Im late to this party, but Barack Obamas speech on religion and politics has been getting lots of attention. Peter Wood is suspicious of a good bit of it. Kevin Drum is cautiously favorable. At Mirror of Justice, Thomas Berg kicked off an exchange that included a number of interesting interventions, more indeed than I can accommodate without adding these links.
I dont think Im quite as suspicious of the speech as Wood is, but I do think that it is an interestingly confused (or perhaps carefully strategic, though I doubt it) presentation by a man likely to be a major force in the Democratic Party. Im going to give some more thought to it and write something formal for one of my publication venues.
In the meantime, heres an example of whats interestingly confused:
over the long haul, I think we make a mistake when we fail to acknowledge the power of faith in peoples lives -- in the lives of the American people -- and I think its time that we join a serious debate about how to reconcile faith with our modern, pluralistic democracy.
And if were going to do that then we first need to understand that Americans are a religious people. 90 percent of us believe in God, 70 percent affiliate themselves with an organized religion, 38 percent call themselves committed Christians, and substantially more people in America believe in angels than they do in evolution.
This religious tendency is not simply the result of successful marketing by skilled preachers or the draw of popular mega-churches. In fact, it speaks to a hunger thats deeper than that - a hunger that goes beyond any particular issue or cause.
Each day, it seems, thousands of Americans are going about their daily rounds - dropping off the kids at school, driving to the office, flying to a business meeting, shopping at the mall, trying to stay on their diets - and theyre coming to the realization that something is missing. They are deciding that their work, their possessions, their diversions, their sheer busyness, is not enough.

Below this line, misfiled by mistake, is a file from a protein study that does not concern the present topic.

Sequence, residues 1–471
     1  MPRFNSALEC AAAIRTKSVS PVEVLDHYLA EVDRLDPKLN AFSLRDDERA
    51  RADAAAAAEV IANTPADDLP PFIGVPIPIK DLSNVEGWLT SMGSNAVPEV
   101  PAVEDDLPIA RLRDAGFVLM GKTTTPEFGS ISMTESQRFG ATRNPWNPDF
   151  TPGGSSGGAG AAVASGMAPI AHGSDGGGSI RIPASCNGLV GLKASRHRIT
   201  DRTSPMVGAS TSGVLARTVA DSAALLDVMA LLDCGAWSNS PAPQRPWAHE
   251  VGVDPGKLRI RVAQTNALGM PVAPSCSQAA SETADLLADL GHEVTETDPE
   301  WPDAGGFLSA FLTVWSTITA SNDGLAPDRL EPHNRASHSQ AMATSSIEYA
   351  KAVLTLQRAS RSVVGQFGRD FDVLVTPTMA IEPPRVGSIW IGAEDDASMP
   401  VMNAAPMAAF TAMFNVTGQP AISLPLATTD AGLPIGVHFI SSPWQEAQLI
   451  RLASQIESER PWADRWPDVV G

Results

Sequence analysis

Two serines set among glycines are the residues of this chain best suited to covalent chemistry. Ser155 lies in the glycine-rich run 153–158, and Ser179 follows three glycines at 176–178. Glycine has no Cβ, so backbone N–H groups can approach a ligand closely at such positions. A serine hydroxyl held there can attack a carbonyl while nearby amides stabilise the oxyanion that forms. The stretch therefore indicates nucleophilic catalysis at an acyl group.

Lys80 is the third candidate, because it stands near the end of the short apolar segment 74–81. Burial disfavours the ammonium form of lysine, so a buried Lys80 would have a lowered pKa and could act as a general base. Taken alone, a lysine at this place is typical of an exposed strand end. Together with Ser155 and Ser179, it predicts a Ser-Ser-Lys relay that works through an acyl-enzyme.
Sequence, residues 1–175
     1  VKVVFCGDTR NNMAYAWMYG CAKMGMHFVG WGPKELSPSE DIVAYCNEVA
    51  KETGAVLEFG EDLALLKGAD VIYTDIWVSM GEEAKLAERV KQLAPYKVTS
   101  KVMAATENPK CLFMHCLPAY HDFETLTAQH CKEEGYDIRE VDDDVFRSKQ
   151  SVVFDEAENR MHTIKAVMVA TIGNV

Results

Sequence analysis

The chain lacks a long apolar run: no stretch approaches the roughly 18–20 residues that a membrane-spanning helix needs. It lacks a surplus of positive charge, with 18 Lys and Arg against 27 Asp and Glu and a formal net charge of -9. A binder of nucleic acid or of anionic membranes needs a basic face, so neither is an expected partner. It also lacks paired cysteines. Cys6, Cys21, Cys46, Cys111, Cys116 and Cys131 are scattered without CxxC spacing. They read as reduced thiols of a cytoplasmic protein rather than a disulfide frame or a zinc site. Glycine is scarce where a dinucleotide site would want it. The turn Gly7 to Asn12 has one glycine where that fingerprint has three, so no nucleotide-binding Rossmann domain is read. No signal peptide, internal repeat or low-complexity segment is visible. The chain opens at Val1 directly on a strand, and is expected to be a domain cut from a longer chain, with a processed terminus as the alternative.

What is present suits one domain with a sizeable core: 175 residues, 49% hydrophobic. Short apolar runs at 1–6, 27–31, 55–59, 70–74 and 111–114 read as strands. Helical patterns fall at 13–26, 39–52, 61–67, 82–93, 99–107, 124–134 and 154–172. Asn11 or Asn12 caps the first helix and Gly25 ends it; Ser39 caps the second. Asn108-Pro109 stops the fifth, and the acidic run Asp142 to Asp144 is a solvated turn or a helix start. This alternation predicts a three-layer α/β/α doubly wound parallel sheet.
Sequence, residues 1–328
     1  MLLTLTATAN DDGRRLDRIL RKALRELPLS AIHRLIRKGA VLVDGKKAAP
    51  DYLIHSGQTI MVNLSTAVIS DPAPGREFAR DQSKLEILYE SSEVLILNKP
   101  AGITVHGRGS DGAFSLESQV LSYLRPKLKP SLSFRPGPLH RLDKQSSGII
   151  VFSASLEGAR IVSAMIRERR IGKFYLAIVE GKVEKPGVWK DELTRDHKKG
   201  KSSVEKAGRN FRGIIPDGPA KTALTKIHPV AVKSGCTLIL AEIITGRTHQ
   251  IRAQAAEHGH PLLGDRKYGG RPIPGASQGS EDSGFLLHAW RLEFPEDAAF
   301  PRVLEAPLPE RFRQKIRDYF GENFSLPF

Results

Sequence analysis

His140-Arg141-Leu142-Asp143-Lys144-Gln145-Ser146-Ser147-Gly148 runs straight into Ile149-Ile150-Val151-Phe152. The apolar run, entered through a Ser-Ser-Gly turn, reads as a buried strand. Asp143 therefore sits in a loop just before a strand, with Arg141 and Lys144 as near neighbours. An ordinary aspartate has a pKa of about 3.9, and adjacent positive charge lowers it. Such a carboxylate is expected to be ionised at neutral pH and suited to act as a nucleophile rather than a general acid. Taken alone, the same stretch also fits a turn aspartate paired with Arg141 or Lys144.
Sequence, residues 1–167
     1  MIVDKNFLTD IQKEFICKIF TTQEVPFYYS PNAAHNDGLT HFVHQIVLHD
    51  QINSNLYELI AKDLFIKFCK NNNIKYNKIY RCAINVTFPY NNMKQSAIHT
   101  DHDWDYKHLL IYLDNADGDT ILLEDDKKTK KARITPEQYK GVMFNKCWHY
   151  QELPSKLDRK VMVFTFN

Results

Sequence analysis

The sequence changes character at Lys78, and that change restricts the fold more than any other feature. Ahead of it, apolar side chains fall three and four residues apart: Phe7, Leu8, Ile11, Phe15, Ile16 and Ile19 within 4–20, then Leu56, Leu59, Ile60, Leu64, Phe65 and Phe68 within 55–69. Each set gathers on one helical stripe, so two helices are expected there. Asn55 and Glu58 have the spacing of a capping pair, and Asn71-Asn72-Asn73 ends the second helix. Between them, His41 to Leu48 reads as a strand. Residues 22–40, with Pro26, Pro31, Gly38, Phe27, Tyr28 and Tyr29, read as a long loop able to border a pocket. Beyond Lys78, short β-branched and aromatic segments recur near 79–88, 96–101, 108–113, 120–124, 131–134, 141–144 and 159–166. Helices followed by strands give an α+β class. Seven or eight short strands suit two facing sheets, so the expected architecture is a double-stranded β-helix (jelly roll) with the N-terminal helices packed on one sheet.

They want a sense of purpose, a narrative arc to their lives. Theyre looking to relieve a chronic loneliness, a feeling supported by a recent study that shows Americans have fewer close friends and confidants than ever before. And so they need an assurance that somebody out there cares about them, is listening to them - that they are not just destined to travel down that long highway towards nothingness.
Can you tell whether he means this as an anthropological observation, a theological observation, or both? Heres his (sort of) answer:
It wasnt until after college, when I went to Chicago to work as a community organizer for a group of Christian churches, that I confronted my own spiritual dilemma.
I was working with churches, and the Christians who I worked with recognized themselves in me. They saw that I knew their Book and that I shared their values and sang their songs. But they sensed that a part of me that remained removed, detached, that I was an observer in their midst.
And in time, I came to realize that something was missing as well -- that without a vessel for my beliefs, without a commitment to a particular community of faith, at some level I would always remain apart, and alone.
And if it werent for the particular attributes of the historically black church, I may have accepted this fate. But as the months passed in Chicago, I found myself drawn - not just to work with the church, but to be in the church.
For one thing, I believed and still believe in the power of the African-American religious tradition to spur social change, a power made real by some of the leaders here today. Because of its past, the black church understands in an intimate way the Biblical call to feed the hungry and cloth the naked and challenge powers and principalities. And in its historical struggles for freedom and the rights of man, I was able to see faith as more than just a comfort to the weary or a hedge against death, but rather as an active, palpable agent in the world. As a source of hope.
What gives his life meaning, apparently, is working for social justice in this world, through a church, albeit not only or even mainly through a church. If faith were merely "a comfort tp the weary" or "a hedge against death" he might not take it as seriously. Theres more that I need to chew on.